Roland JX-3P

Roland JX-3P Image

The JX-3P is something of a hidden treasure – there is more to it than meets the eye. It came out about the same time as the venerable JUNO series, but represents a shift away from the traditional analog synthesizer interface and towards a less hands-on format. The JX-3P was mostly aimed towards players looking for those great stable Roland sounds of the time, but with immediate Preset-based access to them, and only the most basic and newbie-friendly of on-board controls to adjust them. (Note the space reserved on-board for holding sheet music in place.)

That is not to say this is a dumbed down synth, but rather, the digital technologies being explored by Roland at the time allowed for greater programability while simultaneously reducing the need for dedicated hands-on controllers per parameter - a path most synth manufacturers walked down during the eighties. This means that sliders and knobs were being phased out in favor of push-buttons, fewer sliders and a powerful programming interface tucked away “under the hood”.

The JX-3P shares the same great analog filters and VCAs as the JUNO and even the JUPITER series. Just like the JUNO, it’s a six voice polyphonic feeding digitally controlled oscillators (DCOs) through analog filters, envelopes and amps. However, the JX-3P has two oscillators per voice instead of the single osc. found in the JUNO synths, and while that does allow for greater flexibility, the onboard programming interface is a lot less fun and hands-on than that of a JUNO, no doubt contributing to the popularity the JUNO series enjoys over the JX-3P. You will need the optional PG-200 programmer if you want a real hands-on experience with the JX-3P.

Roland JX-3P Image

Surprisingly, the JX-3P is MIDI equipped, in fact it was Roland's first MIDI synth. However, its MIDI was limited to basic note on/off information only. Synths like the JUNO 106 had far better MIDI implementation. But the JX-3P also featured an on-board 128-step sequencer and came in a (slightly modified) rack-mount version called the MKS-30.

Roland JX-3P Image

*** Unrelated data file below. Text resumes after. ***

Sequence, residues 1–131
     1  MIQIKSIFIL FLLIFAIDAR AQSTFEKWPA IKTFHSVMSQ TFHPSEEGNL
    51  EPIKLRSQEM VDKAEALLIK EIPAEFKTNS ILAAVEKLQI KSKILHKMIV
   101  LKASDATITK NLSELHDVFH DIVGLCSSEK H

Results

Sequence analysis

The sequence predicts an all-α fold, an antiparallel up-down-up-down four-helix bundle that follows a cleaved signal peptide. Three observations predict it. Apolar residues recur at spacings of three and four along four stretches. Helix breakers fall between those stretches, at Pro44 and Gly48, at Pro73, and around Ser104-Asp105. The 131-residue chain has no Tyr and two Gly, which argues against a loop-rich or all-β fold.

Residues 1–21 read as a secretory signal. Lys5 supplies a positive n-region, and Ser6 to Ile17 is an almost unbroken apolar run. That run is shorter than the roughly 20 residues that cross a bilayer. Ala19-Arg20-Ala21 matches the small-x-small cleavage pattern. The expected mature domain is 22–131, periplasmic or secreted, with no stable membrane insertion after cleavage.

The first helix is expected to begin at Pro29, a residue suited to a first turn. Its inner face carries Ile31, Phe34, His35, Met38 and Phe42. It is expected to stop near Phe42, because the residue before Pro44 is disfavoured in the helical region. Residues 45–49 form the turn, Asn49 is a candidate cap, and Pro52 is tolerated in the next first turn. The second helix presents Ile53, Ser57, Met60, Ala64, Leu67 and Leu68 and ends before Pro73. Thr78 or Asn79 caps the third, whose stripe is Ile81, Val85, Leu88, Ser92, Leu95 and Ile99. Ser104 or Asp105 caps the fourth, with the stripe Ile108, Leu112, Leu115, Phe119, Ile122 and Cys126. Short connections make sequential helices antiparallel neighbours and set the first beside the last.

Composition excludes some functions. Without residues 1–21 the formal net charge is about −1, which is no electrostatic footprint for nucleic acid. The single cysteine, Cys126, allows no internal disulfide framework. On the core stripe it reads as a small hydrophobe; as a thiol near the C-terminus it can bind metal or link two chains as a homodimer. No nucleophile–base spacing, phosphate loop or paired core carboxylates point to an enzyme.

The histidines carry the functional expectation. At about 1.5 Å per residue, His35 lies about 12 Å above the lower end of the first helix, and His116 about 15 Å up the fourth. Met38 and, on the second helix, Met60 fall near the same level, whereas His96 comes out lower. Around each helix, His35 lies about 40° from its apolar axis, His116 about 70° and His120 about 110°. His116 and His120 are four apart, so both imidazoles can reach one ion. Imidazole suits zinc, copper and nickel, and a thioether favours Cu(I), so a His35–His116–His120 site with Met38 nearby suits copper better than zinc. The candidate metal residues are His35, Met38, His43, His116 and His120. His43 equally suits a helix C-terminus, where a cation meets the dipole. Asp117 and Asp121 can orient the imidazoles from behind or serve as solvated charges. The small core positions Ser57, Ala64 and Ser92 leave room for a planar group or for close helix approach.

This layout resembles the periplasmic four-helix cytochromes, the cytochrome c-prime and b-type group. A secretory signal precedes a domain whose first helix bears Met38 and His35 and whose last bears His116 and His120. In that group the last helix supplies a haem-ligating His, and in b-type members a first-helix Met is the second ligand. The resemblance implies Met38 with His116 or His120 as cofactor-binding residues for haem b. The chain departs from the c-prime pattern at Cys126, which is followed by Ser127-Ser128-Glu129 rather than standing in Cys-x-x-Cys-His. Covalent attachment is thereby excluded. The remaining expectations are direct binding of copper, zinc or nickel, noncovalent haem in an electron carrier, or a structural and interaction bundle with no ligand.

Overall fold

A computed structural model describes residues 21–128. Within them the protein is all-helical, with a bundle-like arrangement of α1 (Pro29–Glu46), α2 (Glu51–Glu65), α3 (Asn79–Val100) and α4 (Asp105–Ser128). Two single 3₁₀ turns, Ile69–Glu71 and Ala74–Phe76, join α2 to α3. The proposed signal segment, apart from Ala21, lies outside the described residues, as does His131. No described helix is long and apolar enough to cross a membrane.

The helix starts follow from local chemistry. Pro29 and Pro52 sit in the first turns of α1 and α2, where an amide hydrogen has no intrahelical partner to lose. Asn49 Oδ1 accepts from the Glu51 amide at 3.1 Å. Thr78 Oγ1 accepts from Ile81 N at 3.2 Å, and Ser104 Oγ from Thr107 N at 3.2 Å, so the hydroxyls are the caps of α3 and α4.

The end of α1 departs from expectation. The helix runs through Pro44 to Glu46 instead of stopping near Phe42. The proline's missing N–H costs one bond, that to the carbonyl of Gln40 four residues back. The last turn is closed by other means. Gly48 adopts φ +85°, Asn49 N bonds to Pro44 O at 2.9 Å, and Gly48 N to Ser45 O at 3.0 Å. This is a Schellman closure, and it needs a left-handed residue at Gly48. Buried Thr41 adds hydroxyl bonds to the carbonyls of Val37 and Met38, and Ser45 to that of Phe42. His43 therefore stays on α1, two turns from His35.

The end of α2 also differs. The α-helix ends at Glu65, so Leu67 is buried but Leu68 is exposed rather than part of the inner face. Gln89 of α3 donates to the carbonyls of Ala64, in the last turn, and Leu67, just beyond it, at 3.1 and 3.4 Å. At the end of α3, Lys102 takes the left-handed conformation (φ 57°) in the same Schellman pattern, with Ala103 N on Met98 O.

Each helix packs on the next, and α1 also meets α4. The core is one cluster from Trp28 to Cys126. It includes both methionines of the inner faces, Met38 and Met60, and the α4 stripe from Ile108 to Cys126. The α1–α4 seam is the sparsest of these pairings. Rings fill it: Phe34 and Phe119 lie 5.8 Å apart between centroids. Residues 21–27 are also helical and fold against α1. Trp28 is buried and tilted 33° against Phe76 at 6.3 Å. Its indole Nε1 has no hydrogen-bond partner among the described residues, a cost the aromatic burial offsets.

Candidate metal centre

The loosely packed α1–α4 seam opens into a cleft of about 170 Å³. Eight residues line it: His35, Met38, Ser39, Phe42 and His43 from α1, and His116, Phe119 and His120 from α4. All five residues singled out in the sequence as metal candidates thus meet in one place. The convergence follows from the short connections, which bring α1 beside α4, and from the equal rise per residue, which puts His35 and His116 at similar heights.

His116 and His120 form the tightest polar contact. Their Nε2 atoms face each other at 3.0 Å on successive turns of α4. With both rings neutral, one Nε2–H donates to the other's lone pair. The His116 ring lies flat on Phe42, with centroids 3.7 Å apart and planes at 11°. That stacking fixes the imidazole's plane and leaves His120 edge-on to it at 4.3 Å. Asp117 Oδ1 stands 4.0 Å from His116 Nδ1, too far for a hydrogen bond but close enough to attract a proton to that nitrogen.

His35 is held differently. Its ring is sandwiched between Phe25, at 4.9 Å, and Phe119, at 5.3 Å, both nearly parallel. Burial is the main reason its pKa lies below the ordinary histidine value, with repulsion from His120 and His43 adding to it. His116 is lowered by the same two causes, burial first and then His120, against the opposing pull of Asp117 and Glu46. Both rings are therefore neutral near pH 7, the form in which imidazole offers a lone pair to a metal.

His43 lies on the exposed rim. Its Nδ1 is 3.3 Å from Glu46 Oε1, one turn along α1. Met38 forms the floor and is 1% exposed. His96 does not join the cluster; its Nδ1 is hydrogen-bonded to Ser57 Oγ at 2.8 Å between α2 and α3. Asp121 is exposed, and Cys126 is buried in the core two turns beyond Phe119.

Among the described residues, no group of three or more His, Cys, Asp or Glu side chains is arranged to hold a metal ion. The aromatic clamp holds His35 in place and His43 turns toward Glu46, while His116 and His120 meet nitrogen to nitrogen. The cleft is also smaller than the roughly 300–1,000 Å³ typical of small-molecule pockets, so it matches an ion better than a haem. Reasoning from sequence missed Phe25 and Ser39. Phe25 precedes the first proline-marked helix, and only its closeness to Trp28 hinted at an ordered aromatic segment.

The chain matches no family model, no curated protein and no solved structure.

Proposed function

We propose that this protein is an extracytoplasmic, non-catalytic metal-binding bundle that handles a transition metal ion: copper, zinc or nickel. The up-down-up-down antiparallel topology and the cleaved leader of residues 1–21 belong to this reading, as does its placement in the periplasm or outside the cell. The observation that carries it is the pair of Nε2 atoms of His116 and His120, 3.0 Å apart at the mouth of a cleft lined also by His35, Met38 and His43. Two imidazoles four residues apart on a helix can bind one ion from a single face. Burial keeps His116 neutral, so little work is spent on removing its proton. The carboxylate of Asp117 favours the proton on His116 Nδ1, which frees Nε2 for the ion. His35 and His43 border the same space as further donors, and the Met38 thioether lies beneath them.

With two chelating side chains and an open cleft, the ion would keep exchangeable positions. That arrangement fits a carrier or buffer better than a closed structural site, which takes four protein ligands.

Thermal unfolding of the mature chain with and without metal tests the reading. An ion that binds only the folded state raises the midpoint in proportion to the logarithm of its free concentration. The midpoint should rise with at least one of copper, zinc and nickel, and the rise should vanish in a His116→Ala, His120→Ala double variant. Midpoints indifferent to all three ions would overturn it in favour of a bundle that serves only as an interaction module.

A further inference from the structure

Although the JX-3P may not be as popular as a JUNO, it makes a great vintage synth capable of creating some lush, classic analog sounds. And without the cult status of other synths similar to it, they can also be found at bargain prices, making them a definite synth to consider when looking for those classic early eighties Roland sounds. And aftermarket upgrades (like the KIWI-3P) can make it just as good, if not better, than any other polyphonic analog synths out there! It has been used by The Future Sound of London, Astral Projection, Vince Clarke, Orbital, Luke Vibert, Stevie Nicks, Asian Dub Foundation, and Thomas Dolby.

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216 Visitor comments
p6
September 9, 2012 @ 9:24 pm
can confirm LFO delay does the same here - sequencer and midi - no delay even if programmed. Never bothered me before but could see why it would bother some. I have the organix midi mod upgrade and it still does it.

While I'm here I have to say - the video posted on this page, I know that guy has a lot of synth respect on youtube but his video makes the JX-3P sound way worse than it is! It sounds very nice in reality when you program great patches.
Sven Reckziegel
September 8, 2012 @ 7:17 am
I do not understand one thing with my JX-3P. Maybe it is a defect. Maybe it is a bug.

I programmed a simple tone with delayed LFO modulation to the VCF. Everything works fine whilst playing the keys manually. But the LFO delay isn't working when I play a note through Midi. The same happens when I use the internal sequencer. LFO modulation starts immediately without a delay.

Does anybody knows this issue? Is there a way to solve this without buying a midi expansion kit?
Phil
August 10, 2012 @ 7:17 am
Yeah, don't buy it thinking it's a Juno on the cheap - it's not. The JX's were intentionally a different sounding range of synths to the Juno's. There are similarities with the Jupiter 6 and the Junos but it doesn't really sound like either. No arp, no portamento, no true PWM and just one Chorus setting but it still has a sound of it's own despite these missing features.

I sold my Jupiter 6 and replaced it with a £200 JX3P and I don't regret it at all. Fantastic little synth.
!emalosho
August 9, 2012 @ 7:00 pm
just a fair plastic-go for beginners but don't go dreaming,will never beat power of junos 6/60, nor 106 (of course)
Phil
August 8, 2012 @ 6:34 am
@ Emile

I've got a Juno 106 which I think is fantastic. The JX compliments it really well: between the two of them you can cover a large sonic spectrum.

I'd say the JX3 is a little brighter sounding overall and maybe not quite as rich in the low frequencies but that may be to do with the PWM and Chorus on the 106 rather than the filters. They both have their own strengths so I'd hesitate to say one is better than the other. 2 DCO's is a definite plus point though.

I paid £220 for the synth and £200 for the PG200. You really don't need one to get the best out of it - save your money!
 
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Rated 4.46 (1218 Votes)

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  • The link above will take you to an eBay search for this synth to see active listings. If you don't find it there, try looking in our forum marketplace or post a wanted classified.
  • Specifications
  • Polyphony - 6 voices
  • Oscillators - 2 DCO's per voice
  • Memory - 32 preset, 32 user
  • Filter - Resonant Low pass and High pass filters
  • Effects - Chorus
  • Arpeg/Seq - 128-step Sequencer
  • Keyboard - 61 keys
  • Control - MIDI (no velocity except with a special ROM upgrade)
  • Date Produced - 1983
  • Resources & Credits
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    Review updated January 2012

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